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Granny Flats: Tax Tips and Traps

The idea of adding a granny flat to your property sounds like a great idea. A property to rent out to generate some welcome extra income, or a home for adult children or mum and dad in their later years.

But there are important tax and personal considerations to consider before taking the plunge and digging up the backyard. Although the Federal Budget proposed significant reform in this area (which we cover later in this article), important tax questions remain.

Tax and Granny Flats: What You Need To Know

A granny flat is usually a self-contained secondary dwelling with a separate entrance, bathroom, kitchen and living space.

Unlike an investment property, granny flats do not have a separate title and are built within the boundary of your existing property or attached to your home. A granny flat cannot be sold separately unless you subdivide the existing property title.

Before you rush off to start building, you need to carefully consider the tax implications and get professional advice, or you could find yourself facing significant tax bills.

For example, if you rent out your granny flat at commercial rates to a third party like a student, the rent will be assessable income and you will pay income tax on it at your marginal tax rate. You are, however, entitled to claim the normal deductions for depreciation against income from an investment property.

Subdividing the property could also create a GST obligation, as the flat may be deemed a new residential property.

Granny Flats and Capital Gains

Under current legislation, the main tax issue when adding a granny flat is that it can create a capital gains tax (CGT) headache when it comes time to sell your home. CGT is payable on the difference in value between the time you bought the property and the time you sell.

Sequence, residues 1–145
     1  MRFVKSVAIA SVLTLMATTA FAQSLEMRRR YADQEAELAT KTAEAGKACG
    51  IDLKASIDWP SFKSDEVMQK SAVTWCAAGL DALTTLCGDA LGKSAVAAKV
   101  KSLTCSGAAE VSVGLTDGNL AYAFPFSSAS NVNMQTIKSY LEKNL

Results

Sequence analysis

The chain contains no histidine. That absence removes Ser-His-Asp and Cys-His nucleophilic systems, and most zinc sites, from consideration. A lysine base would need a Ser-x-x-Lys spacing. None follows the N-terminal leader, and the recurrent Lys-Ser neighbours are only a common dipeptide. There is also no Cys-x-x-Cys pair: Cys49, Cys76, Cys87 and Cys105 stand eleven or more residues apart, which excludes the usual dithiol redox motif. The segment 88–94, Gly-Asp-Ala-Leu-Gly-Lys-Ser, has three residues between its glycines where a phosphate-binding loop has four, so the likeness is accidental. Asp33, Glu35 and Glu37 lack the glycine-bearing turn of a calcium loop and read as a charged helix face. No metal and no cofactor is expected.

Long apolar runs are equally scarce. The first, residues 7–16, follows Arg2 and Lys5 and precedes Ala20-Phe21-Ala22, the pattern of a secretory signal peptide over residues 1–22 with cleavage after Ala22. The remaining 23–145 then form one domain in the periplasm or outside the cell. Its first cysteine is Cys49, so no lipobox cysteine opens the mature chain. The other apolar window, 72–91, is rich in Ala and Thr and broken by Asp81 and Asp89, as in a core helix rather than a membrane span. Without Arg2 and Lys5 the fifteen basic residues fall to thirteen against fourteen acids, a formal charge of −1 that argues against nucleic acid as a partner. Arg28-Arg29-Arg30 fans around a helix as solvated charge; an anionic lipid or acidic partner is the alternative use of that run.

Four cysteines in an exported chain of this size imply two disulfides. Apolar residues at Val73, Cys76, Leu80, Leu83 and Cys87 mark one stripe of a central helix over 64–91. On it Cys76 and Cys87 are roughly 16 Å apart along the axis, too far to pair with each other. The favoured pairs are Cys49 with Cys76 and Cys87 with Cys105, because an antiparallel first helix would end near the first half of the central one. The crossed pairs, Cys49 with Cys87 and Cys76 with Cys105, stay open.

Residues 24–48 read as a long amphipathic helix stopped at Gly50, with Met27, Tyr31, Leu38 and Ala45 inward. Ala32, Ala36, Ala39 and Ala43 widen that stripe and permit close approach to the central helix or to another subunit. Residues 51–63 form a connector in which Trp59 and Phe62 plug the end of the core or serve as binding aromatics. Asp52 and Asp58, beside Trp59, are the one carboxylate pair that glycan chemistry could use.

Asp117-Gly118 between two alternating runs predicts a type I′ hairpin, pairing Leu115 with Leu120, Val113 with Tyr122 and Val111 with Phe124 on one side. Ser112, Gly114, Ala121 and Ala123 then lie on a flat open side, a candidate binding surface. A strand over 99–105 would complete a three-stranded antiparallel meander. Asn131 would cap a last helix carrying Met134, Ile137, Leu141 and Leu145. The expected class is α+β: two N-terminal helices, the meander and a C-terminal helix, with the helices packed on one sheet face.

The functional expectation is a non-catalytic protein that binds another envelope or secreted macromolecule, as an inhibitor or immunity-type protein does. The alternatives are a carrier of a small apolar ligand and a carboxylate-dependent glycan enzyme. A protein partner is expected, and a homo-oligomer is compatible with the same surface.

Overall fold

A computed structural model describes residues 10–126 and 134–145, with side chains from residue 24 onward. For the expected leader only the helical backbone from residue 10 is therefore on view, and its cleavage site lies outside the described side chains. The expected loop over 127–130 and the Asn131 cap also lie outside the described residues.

Normally, your main residence is exempt from CGT, but adding a granny flat can affect this. If you charge rent to a student living in your granny flat for example, you will lose some of your main residence exemption from CGT as the property is partly being used for income-producing purposes.

When a family member lives in a granny flat and does not pay commercial rent, generally the main residence exemption still applies as the arrangement is deemed private or domestic.

CGT and Cash Contributions

Things get more complicated if a relative provides a cash sum to help pay for the cost of building a granny flat in return for a right of occupancy for life or life interest.

Under current tax laws, a cash sum paid by one party to build a granny flat is a CGT event. This means if your parent makes a financial contribution towards you building a flat to live in on your property, you will have a partial CGT liability to pay when you eventually sell your home.

To make things worse, the normal 50 per cent discount on CGT for the disposal of an asset held for over 12 months may not be available.

Potential For Elder Abuse

In many cases, concern about paying CGT means families fail to put formal agreements in place when a relative contributes to the cost of a granny flat. This leaves the family member with no protection if the relationship breaks down and creates the potential for financial abuse.

The family member can also lose out financially if they need to move into an aged care facility, or if the homeowner needs to sell.

It’s also worth noting that an interest in a granny flat can affect social security entitlements and aged care fees.

Proposed Federal Budget Exemption

To solve some of these issues, the October 2020 Federal Budget included a proposed CGT exemption for granny flats where a formal written agreement is in place. The new measure will be limited to arrangements covering family relationships and disabled children – not commercial rentals.

Eligibility conditions for the new CGT exemption will depend on the legislation eventually being passed by Parliament. If passed, a start date is expected as early as 1 July 2021.

If you are considering building a granny flat on your property, contact us today to discuss the potential tax implications.

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